KANSAS CITY, Mo. — Canceled.
That’s what about 20 of my sportswriter colleagues did in the press box moments after the Bengals lost to the Kansas City Chiefs 23-20 in the AFC Championship at Arrowhead Stadium on Sunday night.
They canceled their flights to Phoenix, Arizona — home of Super Bowl LVII.
The hand-wringing game was like last year’s contest — when Cincinnati knocked off the Chiefs on a last-second field goal from Evan McPherson.
This year, however, it was Kansas City’s turn to boot themselves to Arizona.
Harrison Butker’s 45-yard field goal with three seconds left gave Kansas City the win over Cincinnati at Arrowhead Stadium, ending the Bengals’ hopes of returning to the big show — and stopping their 10-game winning streak.
But that wasn’t the play most people will talk about when fans discuss this classic AFC Championship game.
Some fans might chat about the personal foul called on Bengals defensive end Joseph Ossai when he hit Chiefs quarterback Patrick Mahomes out of bounds after a nine-yard scramble for a first down.
The personal foul put the ball on the Bengals’ 23-yard line with the game tied at 20-20 — and with only eight seconds left in the game.
That set the stage for Butker’s heroics.
“It’s a tough play,” Bengals coach Zac Taylor said about the late hit. “But there were a lot of other plays that also came into factor. This is an emotional game. We worked really hard to get here. We want guys like (Ossai) on this team. Guys that this means a lot to and care about it. Joseph comes to work every day. He loves this game and loves being a part of this team.”
Perhaps they will talk about the last two drives the Bengals had late in the game.
Cincinnati (14-5) looked like it was in control — after Joe Burrow scrambled for 14 yards to the KC 29-yard line and a first down.
Two plays later, Burrow’s pass to Tee Higgins was defected and picked off at the 14-yard line.
The Bengals forced the Chiefs to punt, and it looked like a McPherson déjà vu all over again.
But the drive stalled when Burrow was sacked for the sixth time.
“I thought the tide was turning,” Burrow said. “I felt like we would find a way to win like we’ve done all season, but we just didn’t make the plays we needed to.”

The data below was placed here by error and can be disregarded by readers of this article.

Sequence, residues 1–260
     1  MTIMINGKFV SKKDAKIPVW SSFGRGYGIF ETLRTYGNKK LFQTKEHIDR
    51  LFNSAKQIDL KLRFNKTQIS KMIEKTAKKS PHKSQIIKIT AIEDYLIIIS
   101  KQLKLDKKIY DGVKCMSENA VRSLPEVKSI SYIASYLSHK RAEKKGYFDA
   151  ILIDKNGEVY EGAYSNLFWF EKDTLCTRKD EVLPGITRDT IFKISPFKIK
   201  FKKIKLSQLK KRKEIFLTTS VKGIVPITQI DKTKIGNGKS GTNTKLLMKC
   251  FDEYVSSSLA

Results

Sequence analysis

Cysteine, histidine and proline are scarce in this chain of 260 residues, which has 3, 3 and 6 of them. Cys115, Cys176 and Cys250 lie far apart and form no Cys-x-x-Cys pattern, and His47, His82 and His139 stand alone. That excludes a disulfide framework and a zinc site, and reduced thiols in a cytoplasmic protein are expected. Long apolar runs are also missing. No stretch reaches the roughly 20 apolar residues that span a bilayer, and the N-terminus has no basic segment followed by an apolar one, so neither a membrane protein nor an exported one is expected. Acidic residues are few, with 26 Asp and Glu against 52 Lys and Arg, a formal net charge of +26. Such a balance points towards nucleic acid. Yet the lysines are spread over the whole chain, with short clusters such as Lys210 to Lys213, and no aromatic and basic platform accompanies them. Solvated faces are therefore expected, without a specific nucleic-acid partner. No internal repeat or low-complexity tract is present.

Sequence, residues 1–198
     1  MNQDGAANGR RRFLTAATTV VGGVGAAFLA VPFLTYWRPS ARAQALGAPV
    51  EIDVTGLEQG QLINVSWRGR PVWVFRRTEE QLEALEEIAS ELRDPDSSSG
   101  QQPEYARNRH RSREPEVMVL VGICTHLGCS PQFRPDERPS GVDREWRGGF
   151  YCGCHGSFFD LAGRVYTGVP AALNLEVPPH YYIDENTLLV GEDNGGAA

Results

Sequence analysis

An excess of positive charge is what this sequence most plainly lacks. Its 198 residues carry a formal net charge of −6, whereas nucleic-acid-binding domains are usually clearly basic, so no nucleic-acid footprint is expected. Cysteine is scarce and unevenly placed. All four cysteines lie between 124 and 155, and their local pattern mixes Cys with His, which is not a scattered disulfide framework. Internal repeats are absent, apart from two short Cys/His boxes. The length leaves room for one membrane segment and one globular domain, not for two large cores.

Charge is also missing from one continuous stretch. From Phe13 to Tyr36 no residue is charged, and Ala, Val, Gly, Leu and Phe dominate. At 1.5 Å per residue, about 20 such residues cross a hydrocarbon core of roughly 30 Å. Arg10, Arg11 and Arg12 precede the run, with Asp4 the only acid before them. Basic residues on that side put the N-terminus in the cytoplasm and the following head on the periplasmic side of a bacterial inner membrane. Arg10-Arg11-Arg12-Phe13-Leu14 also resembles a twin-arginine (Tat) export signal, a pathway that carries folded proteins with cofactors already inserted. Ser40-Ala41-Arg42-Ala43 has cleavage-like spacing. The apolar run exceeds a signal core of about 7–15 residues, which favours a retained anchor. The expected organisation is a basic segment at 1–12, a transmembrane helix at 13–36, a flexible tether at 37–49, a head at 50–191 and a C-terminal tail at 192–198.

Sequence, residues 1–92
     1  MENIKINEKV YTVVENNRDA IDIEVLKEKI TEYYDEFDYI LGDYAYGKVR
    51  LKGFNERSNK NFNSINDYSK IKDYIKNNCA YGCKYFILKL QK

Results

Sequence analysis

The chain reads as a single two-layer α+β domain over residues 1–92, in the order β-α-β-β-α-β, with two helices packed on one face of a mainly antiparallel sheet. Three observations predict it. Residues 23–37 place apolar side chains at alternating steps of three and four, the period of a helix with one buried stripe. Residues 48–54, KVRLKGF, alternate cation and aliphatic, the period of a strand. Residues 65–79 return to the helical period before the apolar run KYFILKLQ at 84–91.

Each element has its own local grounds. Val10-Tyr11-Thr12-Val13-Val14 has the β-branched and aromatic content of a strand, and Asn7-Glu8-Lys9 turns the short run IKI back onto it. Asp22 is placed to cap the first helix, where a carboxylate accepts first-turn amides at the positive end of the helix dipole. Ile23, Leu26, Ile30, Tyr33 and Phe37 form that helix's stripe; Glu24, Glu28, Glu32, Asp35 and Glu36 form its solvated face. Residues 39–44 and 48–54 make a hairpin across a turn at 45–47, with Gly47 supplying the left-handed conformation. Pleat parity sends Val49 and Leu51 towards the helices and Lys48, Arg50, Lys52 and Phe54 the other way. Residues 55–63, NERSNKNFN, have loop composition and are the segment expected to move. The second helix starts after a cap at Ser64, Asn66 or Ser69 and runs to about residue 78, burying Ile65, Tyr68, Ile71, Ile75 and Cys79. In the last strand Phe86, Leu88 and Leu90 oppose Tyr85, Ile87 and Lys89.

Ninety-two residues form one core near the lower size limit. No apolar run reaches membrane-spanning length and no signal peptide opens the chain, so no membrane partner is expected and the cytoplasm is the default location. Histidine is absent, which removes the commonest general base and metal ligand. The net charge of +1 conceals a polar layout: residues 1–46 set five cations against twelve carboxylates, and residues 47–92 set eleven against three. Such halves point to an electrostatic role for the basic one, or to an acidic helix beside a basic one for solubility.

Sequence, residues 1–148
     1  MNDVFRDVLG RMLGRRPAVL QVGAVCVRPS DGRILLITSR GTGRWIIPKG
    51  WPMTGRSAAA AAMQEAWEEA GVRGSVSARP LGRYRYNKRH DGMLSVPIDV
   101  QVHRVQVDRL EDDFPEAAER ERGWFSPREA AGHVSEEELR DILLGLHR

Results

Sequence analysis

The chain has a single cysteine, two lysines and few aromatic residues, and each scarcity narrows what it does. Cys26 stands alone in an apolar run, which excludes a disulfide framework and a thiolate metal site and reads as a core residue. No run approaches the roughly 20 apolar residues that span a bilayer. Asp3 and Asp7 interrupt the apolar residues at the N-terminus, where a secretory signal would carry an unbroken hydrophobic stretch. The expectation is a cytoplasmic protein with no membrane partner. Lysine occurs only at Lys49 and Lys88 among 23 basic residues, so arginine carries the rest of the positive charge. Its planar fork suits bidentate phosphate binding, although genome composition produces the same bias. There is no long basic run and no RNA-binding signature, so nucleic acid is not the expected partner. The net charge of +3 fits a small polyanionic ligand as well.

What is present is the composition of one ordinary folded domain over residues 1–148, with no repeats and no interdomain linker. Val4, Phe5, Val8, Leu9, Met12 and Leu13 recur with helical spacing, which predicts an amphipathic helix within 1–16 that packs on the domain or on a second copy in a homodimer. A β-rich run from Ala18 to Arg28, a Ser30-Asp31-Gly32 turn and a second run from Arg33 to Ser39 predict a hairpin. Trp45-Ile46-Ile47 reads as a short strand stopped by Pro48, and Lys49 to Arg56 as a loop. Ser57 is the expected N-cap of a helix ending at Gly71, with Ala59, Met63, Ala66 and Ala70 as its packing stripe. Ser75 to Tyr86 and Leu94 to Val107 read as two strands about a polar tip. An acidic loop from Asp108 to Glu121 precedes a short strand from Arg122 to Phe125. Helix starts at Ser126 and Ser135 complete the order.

Burrow threw for 270 yards and completed 26 of 41 passes with one TD and two interceptions.
“He played awesome,” Taylor said of his QB. “He extended plays when he needed to and gave us chances to win the game. We just came up short.”
This was the first time Kansas City has defeated the Bengals in the past four games, and it was Burrow’s first loss to Mahomes.
“At the end of the day, we respect each other,” Burrow added. “It’s an intense and emotional game. You always expect to win. You never expect to lose.”
Or maybe, fans will talk about the Chiefs’ replayed third down, when the Bengals stopped Kansas City – or so it appeared.
The game was tied 20-20 when the Bengals’ defense forced a fourth-down.
But there was some confusion with the clock, and the referees tried to stop the play before it started.
They ruled the play was dead and would be replayed.
The Chiefs got another shot at third down, and Bengals cornerback Eli Apple was called for defensive holding, thus awarding Kansas City a first down.
“They told me the play was dead and would be replayed,” Taylor said. “That’s what they told me.”
Those were just a few of the moments fans may talk about around the water cooler or on Facebook or on Twitter.
But at the end of the day, the Bengals’ shot at returning to the Super Bowl was canceled.
Taylor added that he expected to win and advance to the Super Bowl, more so than last year.
“To be this close, it hurts,” he said. “Our goal is to win the Super Bowl. So to be seconds away from getting back there — and watching (Kansas City) celebrate — it’s horrible. This team has invested so much in each other.”
The end of the 2022 season was disappointing, but it culminated a remarkable campaign.
The Bengals lost to teams I never expected — like Pittsburgh and Cleveland.
But then they went on a 10-game winning streak, and marched into Buffalo and upset the Bills last week.
For a few decades, the Who Dey faithful has been used to losing.
But the tide is indeed changing.
I believe they will see several years of quality professional football in the Queen City.
“I appreciate (the moment) now,” Taylor added. “I’ve been fortunate enough to be in two Super Bowls. And you try to live in the moment. Last year just happened so fast and this year it was an expectation. But you can appreciate it every step of the way.”